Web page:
Loop met with Duke officials earlier in November and said the monthly bill includes the changeover and new equipment, with 60 days allotted for completion.

The council voted unanimously to move forward with the Duke LED lighting service agreement as proposed.

“Let’s do it,” Kathy Haller said.

Loop agreed, adding: “I think that’s a nice way to get that project done.”

Smith supported the initiative as well, pointing out the cost savings the town stood to realize.

“That frees up $1,000 a month to put somewhere else,” he added.

The council was addressed by Tamara Markland of the Floyd County Emergency Management Agency. Markland spoke regarding the county’s multi-hazard mitigation plan, which includes Georgetown. The plan covers actions in place to address disasters resulting from flooding and other issues and is described as a multi-agency plan. Funding dollars are available every five years for municipalities with a current plan, she said.

The council voted to adopt the plan by way of resolution, and Loop signed on behalf of the town.
Stan Walk and John Beams, of the Destination Georgetown organization, delivered a report to the council of projects the group has begun, along with areas of emphasis for 2023.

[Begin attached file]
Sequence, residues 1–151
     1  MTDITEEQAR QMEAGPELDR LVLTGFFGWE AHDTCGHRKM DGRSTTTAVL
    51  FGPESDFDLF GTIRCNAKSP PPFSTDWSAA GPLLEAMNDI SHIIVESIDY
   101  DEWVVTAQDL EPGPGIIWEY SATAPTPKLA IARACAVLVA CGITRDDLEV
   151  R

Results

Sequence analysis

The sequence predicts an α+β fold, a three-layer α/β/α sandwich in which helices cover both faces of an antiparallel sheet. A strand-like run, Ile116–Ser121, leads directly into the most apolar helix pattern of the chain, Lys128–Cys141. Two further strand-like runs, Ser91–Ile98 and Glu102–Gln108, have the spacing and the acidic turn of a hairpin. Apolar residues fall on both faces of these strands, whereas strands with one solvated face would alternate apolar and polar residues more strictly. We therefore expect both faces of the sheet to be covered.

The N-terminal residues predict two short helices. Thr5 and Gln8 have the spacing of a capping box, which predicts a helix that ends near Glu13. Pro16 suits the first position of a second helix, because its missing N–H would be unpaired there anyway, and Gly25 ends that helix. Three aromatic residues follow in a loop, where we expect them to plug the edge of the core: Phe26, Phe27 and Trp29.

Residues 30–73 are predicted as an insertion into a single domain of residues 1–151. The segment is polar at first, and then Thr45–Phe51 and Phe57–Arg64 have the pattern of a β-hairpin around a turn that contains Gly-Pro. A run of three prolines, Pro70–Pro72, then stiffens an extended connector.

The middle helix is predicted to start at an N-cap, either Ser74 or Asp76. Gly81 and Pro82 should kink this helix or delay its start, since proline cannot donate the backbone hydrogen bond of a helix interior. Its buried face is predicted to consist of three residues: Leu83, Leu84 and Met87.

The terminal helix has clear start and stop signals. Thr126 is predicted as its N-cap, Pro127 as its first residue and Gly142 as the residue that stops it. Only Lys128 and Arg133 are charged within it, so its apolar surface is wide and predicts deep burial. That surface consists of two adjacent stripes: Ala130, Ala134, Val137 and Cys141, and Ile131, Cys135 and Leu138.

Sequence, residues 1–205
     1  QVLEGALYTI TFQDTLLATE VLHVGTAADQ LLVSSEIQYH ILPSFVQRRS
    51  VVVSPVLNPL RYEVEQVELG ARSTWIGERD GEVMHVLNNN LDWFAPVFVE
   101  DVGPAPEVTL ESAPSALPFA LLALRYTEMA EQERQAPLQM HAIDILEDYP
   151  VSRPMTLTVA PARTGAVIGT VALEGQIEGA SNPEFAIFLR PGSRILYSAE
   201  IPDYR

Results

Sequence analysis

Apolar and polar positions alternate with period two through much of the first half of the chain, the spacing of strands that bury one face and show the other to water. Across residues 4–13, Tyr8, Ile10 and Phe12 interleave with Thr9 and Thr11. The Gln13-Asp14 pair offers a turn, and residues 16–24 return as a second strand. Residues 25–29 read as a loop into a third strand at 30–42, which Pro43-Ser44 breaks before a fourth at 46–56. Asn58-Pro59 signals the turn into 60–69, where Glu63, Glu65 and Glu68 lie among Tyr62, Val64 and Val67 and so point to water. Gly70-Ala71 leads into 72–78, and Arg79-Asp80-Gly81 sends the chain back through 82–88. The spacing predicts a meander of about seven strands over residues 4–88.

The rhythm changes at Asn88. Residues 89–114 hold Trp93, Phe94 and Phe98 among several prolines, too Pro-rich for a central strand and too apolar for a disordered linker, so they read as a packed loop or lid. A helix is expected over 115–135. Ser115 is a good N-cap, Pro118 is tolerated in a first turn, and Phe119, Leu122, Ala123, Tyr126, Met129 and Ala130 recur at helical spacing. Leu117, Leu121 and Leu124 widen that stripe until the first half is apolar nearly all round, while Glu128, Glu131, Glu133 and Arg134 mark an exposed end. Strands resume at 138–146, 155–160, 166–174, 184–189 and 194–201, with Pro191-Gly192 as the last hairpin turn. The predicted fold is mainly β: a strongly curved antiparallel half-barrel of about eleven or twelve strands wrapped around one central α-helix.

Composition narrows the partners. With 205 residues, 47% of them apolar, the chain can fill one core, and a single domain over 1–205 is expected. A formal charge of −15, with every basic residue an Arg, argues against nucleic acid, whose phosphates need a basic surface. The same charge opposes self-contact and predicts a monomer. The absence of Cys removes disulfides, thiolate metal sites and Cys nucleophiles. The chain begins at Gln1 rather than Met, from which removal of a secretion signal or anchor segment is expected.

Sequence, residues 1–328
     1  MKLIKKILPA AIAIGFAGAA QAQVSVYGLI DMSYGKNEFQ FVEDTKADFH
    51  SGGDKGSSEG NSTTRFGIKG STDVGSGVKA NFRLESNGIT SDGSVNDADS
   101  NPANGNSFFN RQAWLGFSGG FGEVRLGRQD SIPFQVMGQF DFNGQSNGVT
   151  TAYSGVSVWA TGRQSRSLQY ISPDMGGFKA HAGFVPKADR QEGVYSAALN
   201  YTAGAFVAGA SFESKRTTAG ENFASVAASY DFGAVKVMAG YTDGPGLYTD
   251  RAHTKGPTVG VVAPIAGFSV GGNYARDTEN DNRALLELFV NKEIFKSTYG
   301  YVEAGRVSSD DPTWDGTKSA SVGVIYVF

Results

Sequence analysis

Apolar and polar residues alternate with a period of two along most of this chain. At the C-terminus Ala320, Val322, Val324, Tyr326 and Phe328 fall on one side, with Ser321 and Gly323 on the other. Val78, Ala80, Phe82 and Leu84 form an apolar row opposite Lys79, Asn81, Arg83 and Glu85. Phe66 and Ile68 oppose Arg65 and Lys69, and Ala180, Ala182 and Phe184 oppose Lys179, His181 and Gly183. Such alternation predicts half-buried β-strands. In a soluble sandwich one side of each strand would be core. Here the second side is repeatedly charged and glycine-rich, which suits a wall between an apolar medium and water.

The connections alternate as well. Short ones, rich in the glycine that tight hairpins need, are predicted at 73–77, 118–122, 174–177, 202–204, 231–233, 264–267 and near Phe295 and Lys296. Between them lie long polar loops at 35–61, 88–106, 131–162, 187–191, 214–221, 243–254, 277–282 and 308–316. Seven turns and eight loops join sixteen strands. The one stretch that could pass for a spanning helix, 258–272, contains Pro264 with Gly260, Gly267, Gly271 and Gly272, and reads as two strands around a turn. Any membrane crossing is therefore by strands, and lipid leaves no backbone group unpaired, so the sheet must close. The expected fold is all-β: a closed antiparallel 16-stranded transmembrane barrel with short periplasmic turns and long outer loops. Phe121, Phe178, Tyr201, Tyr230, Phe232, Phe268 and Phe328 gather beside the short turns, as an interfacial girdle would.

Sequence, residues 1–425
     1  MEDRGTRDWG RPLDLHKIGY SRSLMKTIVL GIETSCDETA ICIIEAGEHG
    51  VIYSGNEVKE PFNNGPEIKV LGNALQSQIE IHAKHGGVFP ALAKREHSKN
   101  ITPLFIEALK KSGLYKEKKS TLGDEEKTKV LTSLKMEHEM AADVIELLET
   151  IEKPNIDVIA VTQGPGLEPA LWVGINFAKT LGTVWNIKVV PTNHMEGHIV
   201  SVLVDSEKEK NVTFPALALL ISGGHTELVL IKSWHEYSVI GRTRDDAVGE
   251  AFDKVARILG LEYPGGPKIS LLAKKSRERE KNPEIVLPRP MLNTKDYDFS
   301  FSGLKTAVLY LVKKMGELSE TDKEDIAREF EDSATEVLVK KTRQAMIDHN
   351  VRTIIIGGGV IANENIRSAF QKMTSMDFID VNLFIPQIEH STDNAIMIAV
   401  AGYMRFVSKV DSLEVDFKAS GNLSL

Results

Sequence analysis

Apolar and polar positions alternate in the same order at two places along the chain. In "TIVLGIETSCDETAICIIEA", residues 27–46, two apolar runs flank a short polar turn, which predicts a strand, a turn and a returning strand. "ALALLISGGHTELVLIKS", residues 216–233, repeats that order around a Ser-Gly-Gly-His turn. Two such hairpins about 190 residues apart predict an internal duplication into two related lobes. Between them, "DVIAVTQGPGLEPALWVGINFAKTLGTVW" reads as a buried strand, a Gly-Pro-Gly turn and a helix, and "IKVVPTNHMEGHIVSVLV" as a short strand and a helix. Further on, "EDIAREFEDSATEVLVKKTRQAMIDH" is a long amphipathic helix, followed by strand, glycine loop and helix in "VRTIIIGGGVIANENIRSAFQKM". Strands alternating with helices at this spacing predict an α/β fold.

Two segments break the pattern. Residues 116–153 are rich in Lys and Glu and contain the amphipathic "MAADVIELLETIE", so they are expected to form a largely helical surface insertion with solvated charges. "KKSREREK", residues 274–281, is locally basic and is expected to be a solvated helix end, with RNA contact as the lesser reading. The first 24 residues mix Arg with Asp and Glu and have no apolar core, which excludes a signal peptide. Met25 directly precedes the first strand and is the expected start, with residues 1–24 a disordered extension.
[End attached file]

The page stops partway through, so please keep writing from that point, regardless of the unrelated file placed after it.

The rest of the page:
Beams said clean-up, including placement of dumpsters, is underway at the former Cook’s Marine property along S.R. 64. Destination Georgetown is looking at grant funding to assist with rehabilitation of the building, which might see future use as a museum or office. He also mentioned the Indiana Landmarks Foundation has planning grants available for similar initiatives. The building’s owners do not intend to sell but have been on board with the stabilization work. Assistance has also been requested to trim trees and brush on the property, Beams added.

“I think it’s been a good step there,” Beams said.

Walk spoke to the council concerning a request for a forgivable loan for mailboxes that would be relocated for a segment of homes along S.R. 64 and replaced with new, double-opening, matching mailboxes. Approximately 33 mailboxes, costing about $500 each, would be installed during the first round. Letters of permission would be necessary from individual residents, and bids would also be sought to supply the mailboxes. Town engineer Bob Woosley said he would check with the Indiana Dept. of Transportation regarding any necessary permits.

The council and Destination Georgetown will continue looking into the parameters of the project in 2023, as it could likely take six months to a year to complete.